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Mum With Polycystic Ovarian Syndrome Welcomes Her Miracle Twin Boys After 4 Years of Marriage

Mum With Polycystic Ovarian Syndrome Welcomes Her Miracle Twin Boys After 4 Years of Marriage

First-time mum and lawyer, Joyce Damilola Esho, was diagnosed of Polycystic Ovarian Syndrome; a hormonal disorder which often causes cysts to grow on the ovaries and prevents regular ovulation, and subsequently opted for fertility treatment.

She welcomed her miracle twin boys, David and Daniel, with her businessman husband, Femi David Esho, 18 months ago, after 4 years of marriage and few miscarriages. Now, the cute babies, born preterm via a Caesarean section, are growing up so fast!

In this chat with MIM, Joyce opens up on her 4-year wait, miscarriages, pregnancy, labour, being a new mum, raising her twin boys and more.

On the 4-year wait

“The waiting period after marriage is never a wonderful experience, especially for the woman. Behind the smiles, makeup and nice outfits, it’s terrible! It’s like God has forsaken one; you’re not just happy, even when you pretend that you have it altogether. The miscarriages didn’t help matters.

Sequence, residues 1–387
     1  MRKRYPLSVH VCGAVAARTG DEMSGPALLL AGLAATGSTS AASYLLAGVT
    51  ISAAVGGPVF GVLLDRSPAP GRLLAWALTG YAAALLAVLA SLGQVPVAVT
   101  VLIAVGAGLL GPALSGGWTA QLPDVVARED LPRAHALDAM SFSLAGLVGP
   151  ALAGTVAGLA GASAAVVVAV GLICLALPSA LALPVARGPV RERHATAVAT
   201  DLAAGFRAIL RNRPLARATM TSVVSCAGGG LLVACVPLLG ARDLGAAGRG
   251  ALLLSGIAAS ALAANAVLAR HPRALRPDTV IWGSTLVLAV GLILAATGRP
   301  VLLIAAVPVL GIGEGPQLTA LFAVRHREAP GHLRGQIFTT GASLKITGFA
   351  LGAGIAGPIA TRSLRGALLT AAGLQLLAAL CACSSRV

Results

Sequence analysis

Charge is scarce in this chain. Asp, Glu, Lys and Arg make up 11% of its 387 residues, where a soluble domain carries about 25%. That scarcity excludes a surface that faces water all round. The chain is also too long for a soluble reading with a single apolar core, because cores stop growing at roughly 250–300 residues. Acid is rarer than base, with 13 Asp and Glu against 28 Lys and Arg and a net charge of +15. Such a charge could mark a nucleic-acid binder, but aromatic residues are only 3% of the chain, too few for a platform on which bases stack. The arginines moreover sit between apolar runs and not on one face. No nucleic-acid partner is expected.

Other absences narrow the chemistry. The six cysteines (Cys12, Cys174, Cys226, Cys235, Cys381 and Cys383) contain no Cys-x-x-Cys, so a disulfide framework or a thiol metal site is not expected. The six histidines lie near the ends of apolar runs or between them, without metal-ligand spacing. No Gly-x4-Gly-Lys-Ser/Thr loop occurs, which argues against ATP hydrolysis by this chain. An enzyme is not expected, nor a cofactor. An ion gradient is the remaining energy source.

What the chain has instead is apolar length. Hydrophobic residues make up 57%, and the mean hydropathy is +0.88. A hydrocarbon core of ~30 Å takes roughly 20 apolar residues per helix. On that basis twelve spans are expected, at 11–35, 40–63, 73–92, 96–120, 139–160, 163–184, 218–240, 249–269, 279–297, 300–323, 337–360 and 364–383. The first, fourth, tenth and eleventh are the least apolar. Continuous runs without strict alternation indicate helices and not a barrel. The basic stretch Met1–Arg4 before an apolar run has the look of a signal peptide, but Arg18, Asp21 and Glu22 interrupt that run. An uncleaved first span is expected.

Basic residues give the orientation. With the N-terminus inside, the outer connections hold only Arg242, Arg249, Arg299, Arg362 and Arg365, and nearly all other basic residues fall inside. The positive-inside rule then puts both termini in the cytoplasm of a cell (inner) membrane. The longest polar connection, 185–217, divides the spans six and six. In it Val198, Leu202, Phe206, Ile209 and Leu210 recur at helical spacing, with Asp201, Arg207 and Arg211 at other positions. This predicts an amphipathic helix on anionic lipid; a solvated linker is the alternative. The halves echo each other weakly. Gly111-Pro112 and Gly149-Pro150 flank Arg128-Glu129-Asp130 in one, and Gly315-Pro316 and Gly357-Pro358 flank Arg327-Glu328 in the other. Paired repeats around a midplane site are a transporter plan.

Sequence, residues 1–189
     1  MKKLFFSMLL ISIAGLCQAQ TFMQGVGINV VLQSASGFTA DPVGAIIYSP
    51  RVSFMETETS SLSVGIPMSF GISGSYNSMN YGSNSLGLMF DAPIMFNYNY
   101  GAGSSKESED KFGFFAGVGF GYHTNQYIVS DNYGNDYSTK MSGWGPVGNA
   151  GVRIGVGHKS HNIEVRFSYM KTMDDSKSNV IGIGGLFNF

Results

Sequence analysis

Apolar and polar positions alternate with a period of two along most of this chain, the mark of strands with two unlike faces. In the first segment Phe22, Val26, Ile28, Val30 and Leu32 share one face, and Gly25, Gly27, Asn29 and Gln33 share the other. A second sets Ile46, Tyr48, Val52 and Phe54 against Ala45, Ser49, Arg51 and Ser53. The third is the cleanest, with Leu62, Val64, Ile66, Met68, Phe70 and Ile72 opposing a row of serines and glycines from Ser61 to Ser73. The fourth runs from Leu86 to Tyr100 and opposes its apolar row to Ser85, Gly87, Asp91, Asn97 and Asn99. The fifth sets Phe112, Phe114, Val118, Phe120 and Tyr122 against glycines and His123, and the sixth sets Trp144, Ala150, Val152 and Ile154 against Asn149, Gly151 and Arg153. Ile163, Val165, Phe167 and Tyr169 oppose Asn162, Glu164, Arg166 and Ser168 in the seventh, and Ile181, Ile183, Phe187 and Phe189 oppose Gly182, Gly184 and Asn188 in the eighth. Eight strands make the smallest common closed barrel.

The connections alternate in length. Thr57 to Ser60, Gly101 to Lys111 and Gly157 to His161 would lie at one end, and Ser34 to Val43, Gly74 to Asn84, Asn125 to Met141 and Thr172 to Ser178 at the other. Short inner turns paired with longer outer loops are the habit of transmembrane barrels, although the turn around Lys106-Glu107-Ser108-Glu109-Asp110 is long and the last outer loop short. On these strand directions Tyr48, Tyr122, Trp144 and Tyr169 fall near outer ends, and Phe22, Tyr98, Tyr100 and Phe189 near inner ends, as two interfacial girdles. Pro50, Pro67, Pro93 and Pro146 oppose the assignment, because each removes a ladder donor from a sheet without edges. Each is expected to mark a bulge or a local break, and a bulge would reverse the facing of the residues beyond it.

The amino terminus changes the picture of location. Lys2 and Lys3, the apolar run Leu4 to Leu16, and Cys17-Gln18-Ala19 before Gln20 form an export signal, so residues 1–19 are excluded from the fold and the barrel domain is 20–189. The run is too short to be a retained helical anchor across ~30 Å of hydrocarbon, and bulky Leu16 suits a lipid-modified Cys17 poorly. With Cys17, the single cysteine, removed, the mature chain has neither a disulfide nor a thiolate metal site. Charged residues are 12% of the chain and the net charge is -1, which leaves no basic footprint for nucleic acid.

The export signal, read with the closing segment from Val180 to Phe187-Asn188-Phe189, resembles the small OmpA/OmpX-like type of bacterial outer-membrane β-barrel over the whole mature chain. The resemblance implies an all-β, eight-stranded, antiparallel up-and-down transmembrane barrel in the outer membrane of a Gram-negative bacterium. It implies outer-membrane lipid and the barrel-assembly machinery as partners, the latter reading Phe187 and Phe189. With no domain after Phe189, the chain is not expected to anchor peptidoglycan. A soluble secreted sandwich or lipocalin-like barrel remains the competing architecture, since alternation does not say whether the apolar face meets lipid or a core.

There was no pressure from my in-laws but ironically, my mum was on my case. I was always praying, listening to messages on fruitfulness and reading books on fruitfulness. Then, I had my adorable and beautiful Hillary, a family friend’s daughter I love so much and share such a remarkable bond with. So, sometimes, I take her for swimming, outings and have sleepovers.”

On sex becoming a more of a baby-making routine when trying to conceive

“Oh no! Sex was a routine with all sorts of positions, from using pillows to prop up to raising your legs. When pregnancy was not forthcoming, I had to relax my mind and enjoy it without thinking of pregnancy during the game (laughs).”

On her miscarriages
“The miscarriages were painful. I remember bleeding with excruciating pain from my room to the hospital on one occasion, just like what you see in Nollywod movies. I started having cramps the previous evening, went to the hospital, had a scan and was told to come in the morning at about 9 a.m. to see the doctor. We were getting ready when it started. My husband was in the shower and all I heard was him speaking in tongues and saying, ‘Sorry sweetie’.